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The Old Geezer (1 Viewer)

Torus34

Senior Member
I'm still here, an elderly dude who can't resist the lure of doggerel. [Aside: The reference to the song, I'm Still Here, is intentional.] This morning I considered my description of myself. The result was . . .

The Old Geezer.

I love our language. It can say
What ere we mean precisely.
Its nuances parse complex thoughts,
Displays them all quite nicely.

And once we know its basic rules
We can freely forge ahead.
The rules will guide us, tongue and pen,
As we say what’s to be said.

Take writers; we all know they write.
And walkers? Well, they walk.
Fighters enter rings and fight
And talkers? How they talk!

And here I am, a geezer old.
About that do not sneeze.
I simply go and do my thing.
And what is that? I geez.

[Side note: Groans are also appreciated!]
 

Darkkin

WF Veterans
Things like this, while some find it cute...can become a bit of a chore to read because the rhyme and content are over contrived. The subject, while innocuous struggles to resonate with the reader. Noun does verb. Not overly creative.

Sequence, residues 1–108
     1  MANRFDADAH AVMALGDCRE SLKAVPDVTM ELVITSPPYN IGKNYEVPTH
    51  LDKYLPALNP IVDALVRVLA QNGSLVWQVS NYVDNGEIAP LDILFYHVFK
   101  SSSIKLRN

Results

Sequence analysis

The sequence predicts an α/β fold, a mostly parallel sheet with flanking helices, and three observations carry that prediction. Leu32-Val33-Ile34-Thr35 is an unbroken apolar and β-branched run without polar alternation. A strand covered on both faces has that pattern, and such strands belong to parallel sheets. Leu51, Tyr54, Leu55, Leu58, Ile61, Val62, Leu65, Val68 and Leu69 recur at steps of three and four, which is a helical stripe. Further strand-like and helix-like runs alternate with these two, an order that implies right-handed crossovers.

As a whole it's functional. That is as far as it gets. The narrator claims to love language, but that claim falls short because there is nothing unique in the language of this piece. A reader will skim through it once and completely forget about it seconds after they finish.

As a reader, I felt like this is why classic poetry gets a bad reputation. Overwhelming rhymes schemes and generic content.

Rhyming when done well is a powerful tool, when taken for granted it is like an out of tune instrument, its presence discordant and jarring.

Also, old geezer is redundant because geezer by its very definition is inherently old. Consider removing the old and let the noun itself function without the adjective.

- D.
 
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Matchu

Senior Member
Ach, I think it’s entertaining. :)

In BrE ‘geezer’ carries no suggestion of elderly:

….two fellas, two blokes, a couple of lads, geezers, suppose…seen them knocking about town,’ said Matchu describing his youthful assailants.

How about ‘codger’?
 

LivingPoetintheFlesh

Senior Member
The rhyming overpowers the poem, I think this poem would be better suited in free verse because at least it would show your ability to tell a story rather than to shoehorn rhymes in there.
 
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PiP

Staff member
Co-Owner
I'm still here, an elderly dude who can't resist the lure of doggerel. [Aside: The reference to the song, I'm Still Here, is intentional.] This morning I considered my description of myself. The result was . . .